The EAF Air Force needed a jet that was in-expensive, efficient, and could carry out any task with relative ease. The YH-37 "Heron" was what was created on this whim. With the capacity to take out Air units, destroy underground bunkers, wipe out enemy infantry units, and bomb enemy encampments, the YH-37 "Heron" is a full on war machine. The Heron was designed to do all of these tasks and more fairly well, not specializing in any, but performing well in all. Rookie pilots in the EAF learn to fly a Heron first, before moving on to a specialization. The YH-37 is equipped with two AGM, or Air-to-Ground-Missiles, as well as a bomb bay that can carry 13k pounds of ordnance, more than enough to blow away the enemies standing in its way. It is also equipped with two 45 caliber machine guns. placed adjacent to the air intakes. The YH-37 "Heron" is capable of speeds of Mach 2, which at this point in history is fairly slow compared to some of the other jets in service; however, it's streamline body and delta wing configuration make for an extremely maneuverable plane that is capable of breath-taking maneuvers, making the Heron a formidable adversary. All in all, this plane can do almost everything with relative ease, and still look bad-ass.
About this creation
Here, the air intakes, the AGMs, and the 45 caliber machine guns can be seen. These weapons give the Heron a massive power to size ratio, and the air intakes lead to massive plasma propulsion engines, a new technology for the EAF, and one that massively expands the Heron's capabilities.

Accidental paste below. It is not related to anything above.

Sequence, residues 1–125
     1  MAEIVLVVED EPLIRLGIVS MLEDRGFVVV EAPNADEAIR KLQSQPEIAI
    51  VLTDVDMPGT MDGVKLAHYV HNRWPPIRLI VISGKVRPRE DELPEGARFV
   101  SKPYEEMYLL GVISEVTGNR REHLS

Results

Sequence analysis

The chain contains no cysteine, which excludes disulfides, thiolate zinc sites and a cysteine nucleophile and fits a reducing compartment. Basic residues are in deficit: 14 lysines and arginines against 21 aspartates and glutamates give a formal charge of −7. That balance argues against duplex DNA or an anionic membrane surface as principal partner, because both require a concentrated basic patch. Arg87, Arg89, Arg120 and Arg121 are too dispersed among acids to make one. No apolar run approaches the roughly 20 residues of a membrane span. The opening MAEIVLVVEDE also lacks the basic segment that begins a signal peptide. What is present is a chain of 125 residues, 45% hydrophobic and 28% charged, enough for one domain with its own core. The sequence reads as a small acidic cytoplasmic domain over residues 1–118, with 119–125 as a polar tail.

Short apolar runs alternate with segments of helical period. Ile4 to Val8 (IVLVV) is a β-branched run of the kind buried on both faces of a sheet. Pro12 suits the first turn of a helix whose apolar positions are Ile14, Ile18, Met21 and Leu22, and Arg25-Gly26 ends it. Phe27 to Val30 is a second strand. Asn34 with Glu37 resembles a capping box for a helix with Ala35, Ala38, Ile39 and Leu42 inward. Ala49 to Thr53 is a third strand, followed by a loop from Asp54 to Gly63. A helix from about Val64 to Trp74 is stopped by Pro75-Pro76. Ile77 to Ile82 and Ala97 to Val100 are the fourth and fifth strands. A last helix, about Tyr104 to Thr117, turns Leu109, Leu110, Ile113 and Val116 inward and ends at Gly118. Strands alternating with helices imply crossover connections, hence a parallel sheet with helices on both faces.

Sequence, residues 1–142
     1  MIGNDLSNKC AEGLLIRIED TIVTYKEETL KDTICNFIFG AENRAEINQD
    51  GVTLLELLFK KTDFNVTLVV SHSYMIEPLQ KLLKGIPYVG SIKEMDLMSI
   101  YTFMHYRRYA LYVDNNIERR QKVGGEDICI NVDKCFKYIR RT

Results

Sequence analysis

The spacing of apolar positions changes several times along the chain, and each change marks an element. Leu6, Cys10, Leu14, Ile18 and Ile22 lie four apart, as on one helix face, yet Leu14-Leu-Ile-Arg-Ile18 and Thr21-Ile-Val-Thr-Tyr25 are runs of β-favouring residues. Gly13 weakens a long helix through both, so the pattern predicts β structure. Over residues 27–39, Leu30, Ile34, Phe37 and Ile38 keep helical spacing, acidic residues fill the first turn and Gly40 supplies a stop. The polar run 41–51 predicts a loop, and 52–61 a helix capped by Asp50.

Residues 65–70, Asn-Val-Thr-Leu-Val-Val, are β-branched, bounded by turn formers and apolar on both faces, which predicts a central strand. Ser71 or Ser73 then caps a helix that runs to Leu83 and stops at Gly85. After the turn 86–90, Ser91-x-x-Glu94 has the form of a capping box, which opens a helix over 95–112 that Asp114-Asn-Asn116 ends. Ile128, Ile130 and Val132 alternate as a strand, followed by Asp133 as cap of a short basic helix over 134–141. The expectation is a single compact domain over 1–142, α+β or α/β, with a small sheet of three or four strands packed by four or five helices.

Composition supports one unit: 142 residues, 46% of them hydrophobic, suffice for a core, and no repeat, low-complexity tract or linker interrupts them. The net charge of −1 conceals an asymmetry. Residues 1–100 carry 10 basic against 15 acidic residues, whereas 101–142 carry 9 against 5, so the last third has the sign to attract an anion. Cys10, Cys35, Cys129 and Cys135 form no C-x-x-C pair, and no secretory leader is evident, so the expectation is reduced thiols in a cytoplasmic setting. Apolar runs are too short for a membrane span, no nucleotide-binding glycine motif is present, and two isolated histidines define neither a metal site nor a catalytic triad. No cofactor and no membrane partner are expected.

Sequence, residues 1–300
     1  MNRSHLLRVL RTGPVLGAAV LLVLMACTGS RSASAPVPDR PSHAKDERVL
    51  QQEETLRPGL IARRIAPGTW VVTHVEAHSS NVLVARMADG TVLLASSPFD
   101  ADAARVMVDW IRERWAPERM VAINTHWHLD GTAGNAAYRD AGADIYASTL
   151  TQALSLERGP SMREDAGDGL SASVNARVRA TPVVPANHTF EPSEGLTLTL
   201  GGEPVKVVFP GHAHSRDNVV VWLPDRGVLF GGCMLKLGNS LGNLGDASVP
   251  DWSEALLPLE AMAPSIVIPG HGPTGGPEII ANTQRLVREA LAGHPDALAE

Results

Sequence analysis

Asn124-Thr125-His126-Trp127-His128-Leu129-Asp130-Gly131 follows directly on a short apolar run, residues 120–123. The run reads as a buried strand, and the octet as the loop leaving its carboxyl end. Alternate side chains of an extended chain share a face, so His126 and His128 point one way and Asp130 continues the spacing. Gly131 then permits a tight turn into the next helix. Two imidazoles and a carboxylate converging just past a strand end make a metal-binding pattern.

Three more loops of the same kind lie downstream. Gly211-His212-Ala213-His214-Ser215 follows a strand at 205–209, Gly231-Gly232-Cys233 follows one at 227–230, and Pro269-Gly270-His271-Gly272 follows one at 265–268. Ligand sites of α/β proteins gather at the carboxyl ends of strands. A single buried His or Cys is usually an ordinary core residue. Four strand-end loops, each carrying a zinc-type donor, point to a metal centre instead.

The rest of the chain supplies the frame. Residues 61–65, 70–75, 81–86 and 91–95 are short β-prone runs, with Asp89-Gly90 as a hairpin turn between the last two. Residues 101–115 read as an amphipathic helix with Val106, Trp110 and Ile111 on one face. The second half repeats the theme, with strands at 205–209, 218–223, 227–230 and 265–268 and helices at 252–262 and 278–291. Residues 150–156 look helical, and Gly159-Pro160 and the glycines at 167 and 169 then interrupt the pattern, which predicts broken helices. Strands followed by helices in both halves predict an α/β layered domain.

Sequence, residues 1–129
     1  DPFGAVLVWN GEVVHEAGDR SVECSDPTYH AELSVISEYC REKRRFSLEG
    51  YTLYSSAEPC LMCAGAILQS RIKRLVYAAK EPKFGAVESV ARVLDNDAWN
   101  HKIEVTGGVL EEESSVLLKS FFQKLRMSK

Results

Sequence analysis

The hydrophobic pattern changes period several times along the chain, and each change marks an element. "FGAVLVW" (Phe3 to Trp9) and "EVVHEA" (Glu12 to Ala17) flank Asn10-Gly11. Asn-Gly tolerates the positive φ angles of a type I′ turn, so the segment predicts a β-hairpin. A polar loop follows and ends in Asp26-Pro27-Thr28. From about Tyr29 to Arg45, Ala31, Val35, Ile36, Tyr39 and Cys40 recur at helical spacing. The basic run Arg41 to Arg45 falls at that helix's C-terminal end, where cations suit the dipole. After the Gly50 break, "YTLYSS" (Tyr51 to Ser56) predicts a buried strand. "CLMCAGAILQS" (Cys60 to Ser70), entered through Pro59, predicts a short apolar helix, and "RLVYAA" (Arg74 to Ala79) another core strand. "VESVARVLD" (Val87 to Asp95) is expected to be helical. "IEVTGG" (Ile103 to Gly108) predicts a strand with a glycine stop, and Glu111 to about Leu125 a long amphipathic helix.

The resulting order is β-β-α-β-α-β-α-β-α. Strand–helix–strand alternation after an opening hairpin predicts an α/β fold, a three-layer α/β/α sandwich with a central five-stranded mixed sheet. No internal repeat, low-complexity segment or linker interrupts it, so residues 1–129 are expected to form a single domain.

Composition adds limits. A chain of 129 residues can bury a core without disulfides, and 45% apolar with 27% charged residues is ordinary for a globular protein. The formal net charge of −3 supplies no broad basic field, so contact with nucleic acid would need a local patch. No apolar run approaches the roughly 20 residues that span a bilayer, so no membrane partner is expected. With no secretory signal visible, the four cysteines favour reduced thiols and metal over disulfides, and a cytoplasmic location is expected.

A view of the 3 engines, one large engine centered on the ships forward axis, and 2 located on the wings. An unorthodox configuration, but one that gives the YH-37 it's versatility.
A side view of the Heron. As can be seen here, it is streamline and looks very much like a cross between a fighter jet and a sturdy bomber.
The pilot block of the YH-37. The Pilot Trooper that resides within is well protected.
A view of the Herons landing gear. The nose of the ship drops down to hold the plane up, as well as allow the pilot to get in and out quickly. The part of the nose that touches the ground is coated in an extremely durable material known as Diridium, to keep from the nose grinding down during landing and take off.
The napalm bombs that the Heron drops on its targets. Although small, the napalm is pressurized, allowing for a great volume of napalm to be held in the bomb itself. The bomb explodes about 500 ft. above the ground, spraying its targets with the instantly igniting substance. The bomb can also be detonated upon impact, creating massive damage in a small area.
A final look at the Heron and its ordnance. Hope you liked it!
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